Company Tax Return

Need help understanding how to file your company tax return? This insightful guide from Company Formations 24.7 can help.

Each year, HMRC requires private limited companies to file an annual tax return.

You can file an online tax return using Form CT600, and it should include your full statutory accounts. You will also be liable for paying any tax due to HMRC at this time.

What is a company tax return?

HMRC requires you to pay corporation tax on your taxable income, which includes money generated from the sale of goods and/or services, bank account interest, income generated from renting property, salary and dividend payouts, and any other form of taxable income.

If you are a company director or shareholder, you should ensure your business is registered as “active” at Companies House within three months of formation for corporation tax purposes. You should also ensure your corporation tax return is filed correctly and on time so that you avoid penalties. Working with an accountant who can advise you of when and how to file a tax return correctly can save you a great deal of time and hassle.

Company tax rates

As of April 1st 2015, the rate of tax for company profits is 20%.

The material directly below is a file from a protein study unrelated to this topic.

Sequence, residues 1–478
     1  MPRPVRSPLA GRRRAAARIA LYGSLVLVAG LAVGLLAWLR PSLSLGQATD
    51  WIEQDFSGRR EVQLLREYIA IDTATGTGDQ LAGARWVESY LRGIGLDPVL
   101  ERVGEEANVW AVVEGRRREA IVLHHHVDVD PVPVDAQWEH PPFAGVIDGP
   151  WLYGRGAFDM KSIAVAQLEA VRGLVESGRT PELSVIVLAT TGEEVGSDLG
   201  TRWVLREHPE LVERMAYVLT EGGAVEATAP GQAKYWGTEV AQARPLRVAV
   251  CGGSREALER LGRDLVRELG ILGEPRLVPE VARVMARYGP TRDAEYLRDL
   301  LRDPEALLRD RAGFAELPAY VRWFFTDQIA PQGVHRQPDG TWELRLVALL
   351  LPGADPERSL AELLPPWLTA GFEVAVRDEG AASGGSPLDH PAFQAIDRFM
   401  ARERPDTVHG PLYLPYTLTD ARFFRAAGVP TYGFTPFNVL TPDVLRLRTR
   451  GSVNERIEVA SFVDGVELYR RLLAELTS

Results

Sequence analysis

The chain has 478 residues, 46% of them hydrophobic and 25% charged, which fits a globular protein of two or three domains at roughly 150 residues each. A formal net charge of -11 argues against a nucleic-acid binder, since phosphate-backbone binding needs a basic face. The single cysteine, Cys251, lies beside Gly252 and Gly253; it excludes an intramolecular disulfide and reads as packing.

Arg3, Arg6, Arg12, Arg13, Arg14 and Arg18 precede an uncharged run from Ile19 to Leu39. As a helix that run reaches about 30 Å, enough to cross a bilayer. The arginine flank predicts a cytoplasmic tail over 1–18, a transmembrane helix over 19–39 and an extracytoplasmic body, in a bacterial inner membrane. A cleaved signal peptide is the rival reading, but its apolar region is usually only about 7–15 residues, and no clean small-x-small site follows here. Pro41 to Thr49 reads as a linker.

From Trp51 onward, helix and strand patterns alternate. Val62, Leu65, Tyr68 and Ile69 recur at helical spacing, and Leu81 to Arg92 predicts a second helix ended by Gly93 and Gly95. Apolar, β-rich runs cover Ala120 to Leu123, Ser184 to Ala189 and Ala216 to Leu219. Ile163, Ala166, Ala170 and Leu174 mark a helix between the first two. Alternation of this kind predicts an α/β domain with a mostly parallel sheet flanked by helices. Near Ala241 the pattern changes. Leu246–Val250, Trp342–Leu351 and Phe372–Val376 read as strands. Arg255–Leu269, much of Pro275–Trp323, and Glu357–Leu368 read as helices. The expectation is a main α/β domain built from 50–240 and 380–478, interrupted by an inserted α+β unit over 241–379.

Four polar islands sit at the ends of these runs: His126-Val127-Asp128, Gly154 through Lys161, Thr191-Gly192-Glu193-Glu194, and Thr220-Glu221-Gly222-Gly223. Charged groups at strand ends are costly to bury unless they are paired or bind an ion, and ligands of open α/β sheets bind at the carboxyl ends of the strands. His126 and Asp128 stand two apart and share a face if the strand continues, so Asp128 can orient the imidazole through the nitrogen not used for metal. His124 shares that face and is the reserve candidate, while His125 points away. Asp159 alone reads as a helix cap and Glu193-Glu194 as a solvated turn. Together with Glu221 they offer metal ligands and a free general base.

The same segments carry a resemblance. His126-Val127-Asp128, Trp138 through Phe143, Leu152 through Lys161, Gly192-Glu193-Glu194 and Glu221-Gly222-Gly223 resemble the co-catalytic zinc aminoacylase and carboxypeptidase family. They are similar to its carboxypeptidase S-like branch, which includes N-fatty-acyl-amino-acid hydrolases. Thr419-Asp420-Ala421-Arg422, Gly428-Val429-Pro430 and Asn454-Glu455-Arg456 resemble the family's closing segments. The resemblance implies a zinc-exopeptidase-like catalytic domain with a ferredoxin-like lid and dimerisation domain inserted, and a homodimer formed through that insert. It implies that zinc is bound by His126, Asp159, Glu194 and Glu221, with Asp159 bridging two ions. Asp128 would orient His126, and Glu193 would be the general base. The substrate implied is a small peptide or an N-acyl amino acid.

If your accounting period covers two financial years in which two different tax return rates were applicable, you will need to file two separate returns to ensure the right amount of corporation tax is paid.

How to file a tax return

You will need to file your corporate tax return online through the HMRC website.

Many limited company directors choose to let accountants do this on their behalf. You will need to provide all relevant documentation so that they can prepare the accounts, and then they will submit the completed CT600 form online. You cannot file your tax return via post.

When to file a tax return

You will need to file a company tax return at the close of your company’s accounting period.

As companies incorporate at different times of the year, there is no universally set corporate tax return deadline. Instead, you must pay your tax return within nine months and 1 day after the date your company’s corporation tax accounting period has ended. For this reason, your accounting period may be shorter than 12 months, however, it must never be longer.

If corporate tax returns are just one day late, your will incur a penalty of £100. Above this, HMRC can levy fines that can equate to up to 20% of the amount of unpaid tax.

In order to ensure your company’s corporate tax returns are filed correctly and on time, you may wish to enlist a professional accountant to help you.

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